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The Right to Bear Arms

May 17, 2019
Column

In the Bill of Rights, our constitutional right to bear arms is listed second, after our First Amendment rights to free speech, assembly, and religion.  I like to think this ranking is intentional. Firearms are used for protection, self-defense, crime deterrence, hunting, and in many cases, are a way of life.

However, this does not stop those who are fundamentally opposed to the Second Amendment. Almost daily, certain states and municipalities are working to restrict the right to gun ownership. One such case is the highly restrictive ordinance in New York City, where transporting a handgun to a home or shooting range outside the city limits is prohibited. This effectively eliminates anyone from outside the city limits from carrying firearms, and greatly hinders residents from owning a gun. This ordinance is purposely strict to discourage people from possessing firearms.

A lawsuit challenging this particular law, New York State Rifle & Pistol Association Inc. v. City of New York, New York, has made it all the way to the Supreme Court. This is the first major gun related case the Supreme Court will decide in a decade. The Supreme Court’s decision will have an impact on not only New York, but our nation as a whole.

Due to the importance of upholding our Second Amendment rights, I have signed an amicus (Friend of the Court) brief in support of the plaintiffs. This unconstitutional law does not take away guns from criminals, but instead punishes law-abiding gun owners. If the Supreme Court decides in favor of the City of New York, we can be sure this type of law will further proliferate in cities across our country.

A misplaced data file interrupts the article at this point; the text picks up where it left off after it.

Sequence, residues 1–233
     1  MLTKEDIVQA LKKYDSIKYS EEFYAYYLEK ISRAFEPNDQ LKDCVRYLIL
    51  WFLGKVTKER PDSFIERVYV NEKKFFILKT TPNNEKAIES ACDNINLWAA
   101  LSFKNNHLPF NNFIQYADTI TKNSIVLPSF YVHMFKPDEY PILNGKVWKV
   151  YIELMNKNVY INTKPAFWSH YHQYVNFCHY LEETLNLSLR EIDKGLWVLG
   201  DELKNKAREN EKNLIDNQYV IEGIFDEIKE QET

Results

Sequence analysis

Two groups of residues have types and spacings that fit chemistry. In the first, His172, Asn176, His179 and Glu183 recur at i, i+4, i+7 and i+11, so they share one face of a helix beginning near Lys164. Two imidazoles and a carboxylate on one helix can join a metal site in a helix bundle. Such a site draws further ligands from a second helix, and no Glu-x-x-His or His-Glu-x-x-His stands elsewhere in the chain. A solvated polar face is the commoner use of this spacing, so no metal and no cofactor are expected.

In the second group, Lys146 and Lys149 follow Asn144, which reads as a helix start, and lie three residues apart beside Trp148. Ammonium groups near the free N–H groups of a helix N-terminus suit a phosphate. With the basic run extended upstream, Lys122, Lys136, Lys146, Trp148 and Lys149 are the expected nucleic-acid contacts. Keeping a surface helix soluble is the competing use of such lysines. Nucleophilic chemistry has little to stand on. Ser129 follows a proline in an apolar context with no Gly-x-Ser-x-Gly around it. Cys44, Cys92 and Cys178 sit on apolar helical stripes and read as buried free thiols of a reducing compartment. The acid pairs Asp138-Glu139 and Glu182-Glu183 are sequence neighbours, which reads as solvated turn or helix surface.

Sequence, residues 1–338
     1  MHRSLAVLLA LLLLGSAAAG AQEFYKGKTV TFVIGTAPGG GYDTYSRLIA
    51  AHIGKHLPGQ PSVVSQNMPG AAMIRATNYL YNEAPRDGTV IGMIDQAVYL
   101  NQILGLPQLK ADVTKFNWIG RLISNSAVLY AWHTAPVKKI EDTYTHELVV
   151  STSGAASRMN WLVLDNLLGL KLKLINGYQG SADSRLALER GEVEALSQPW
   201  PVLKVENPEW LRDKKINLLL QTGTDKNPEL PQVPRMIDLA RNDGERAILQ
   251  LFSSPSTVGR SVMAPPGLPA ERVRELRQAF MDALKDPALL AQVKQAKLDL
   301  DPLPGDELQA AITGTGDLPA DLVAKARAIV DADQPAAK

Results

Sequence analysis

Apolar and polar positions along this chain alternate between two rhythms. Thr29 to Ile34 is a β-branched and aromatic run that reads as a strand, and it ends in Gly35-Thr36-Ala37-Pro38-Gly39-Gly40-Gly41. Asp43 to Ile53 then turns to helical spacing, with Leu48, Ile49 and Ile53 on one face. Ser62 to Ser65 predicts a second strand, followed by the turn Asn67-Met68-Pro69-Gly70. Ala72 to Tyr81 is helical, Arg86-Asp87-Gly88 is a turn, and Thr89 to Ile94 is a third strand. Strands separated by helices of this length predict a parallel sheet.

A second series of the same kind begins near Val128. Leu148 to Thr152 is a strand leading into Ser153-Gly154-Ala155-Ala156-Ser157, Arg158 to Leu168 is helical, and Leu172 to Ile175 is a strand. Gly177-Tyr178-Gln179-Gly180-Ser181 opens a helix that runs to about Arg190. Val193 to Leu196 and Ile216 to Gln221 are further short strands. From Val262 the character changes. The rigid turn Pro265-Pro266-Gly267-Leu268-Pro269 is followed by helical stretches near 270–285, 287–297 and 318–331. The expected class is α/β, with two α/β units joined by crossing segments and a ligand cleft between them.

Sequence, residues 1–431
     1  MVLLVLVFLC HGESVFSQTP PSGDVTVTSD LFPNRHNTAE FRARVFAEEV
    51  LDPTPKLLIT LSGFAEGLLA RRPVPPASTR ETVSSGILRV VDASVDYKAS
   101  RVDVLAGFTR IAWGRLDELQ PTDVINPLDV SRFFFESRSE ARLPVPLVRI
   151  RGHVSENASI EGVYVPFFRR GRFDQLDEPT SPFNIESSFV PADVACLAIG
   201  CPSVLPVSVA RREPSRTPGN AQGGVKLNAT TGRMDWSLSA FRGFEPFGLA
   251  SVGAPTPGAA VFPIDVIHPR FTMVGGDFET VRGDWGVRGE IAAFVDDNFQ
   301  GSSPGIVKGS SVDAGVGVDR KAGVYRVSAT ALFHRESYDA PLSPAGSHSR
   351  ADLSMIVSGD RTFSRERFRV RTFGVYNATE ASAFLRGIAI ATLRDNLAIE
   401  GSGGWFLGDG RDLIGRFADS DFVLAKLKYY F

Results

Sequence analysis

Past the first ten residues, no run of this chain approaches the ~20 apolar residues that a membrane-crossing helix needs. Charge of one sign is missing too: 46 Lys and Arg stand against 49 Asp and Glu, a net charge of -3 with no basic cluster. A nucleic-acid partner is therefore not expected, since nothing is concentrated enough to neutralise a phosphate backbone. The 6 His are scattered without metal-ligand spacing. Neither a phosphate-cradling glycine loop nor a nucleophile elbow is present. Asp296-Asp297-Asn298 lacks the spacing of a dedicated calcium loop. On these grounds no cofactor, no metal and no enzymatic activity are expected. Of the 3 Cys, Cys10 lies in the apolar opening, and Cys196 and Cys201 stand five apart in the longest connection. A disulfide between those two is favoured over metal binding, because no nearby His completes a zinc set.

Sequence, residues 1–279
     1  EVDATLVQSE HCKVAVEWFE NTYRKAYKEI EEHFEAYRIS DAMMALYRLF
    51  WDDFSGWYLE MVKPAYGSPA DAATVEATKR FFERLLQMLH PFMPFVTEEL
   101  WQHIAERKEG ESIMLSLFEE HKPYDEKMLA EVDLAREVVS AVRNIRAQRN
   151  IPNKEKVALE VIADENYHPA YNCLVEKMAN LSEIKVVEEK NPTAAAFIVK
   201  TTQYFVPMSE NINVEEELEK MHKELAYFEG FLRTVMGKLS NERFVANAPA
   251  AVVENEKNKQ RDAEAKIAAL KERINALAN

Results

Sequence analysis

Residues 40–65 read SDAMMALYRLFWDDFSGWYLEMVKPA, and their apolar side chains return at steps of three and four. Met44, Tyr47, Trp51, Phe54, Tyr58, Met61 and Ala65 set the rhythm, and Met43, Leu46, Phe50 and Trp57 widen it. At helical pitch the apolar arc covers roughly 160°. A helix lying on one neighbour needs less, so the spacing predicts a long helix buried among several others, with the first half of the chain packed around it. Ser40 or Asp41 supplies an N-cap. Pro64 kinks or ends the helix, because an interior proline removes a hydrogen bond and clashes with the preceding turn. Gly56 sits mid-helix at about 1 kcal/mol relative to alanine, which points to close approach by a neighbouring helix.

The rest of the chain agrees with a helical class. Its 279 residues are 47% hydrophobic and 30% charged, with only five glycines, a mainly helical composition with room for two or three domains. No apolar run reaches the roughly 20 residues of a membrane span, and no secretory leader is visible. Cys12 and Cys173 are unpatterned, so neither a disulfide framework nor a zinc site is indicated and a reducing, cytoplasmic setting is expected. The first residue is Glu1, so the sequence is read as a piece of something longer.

Landmark cases such as this one highlight the importance of the make-up of the Supreme Court. Thankfully, President Trump nominated and the Senate approved two conservative justices for the nation’s top bench. I will be watching this case very closely, and am hopeful it will be decided in favor of the Second Amendment.

Another aspect of clarifying our constitutional rights is to find and remove barriers to responsible gun ownership. For this reason, I recently cosponsored the Firearms Interstate Commerce Reform Act, H.R. 2443. This legislation would reduce the burden on law-abiding citizens, including active duty military and spouses, by allowing them to buy firearms across state lines, as long as the transaction is legal and permissible in both states. This is a common sense bill which does not hinder states from regulating gun sales.

We must not become complacent in defending our rights. There will always be attempts to undermine the Second Amendment. It is our duty to protect in law what our founders intended –  Americans having the right to bear arms.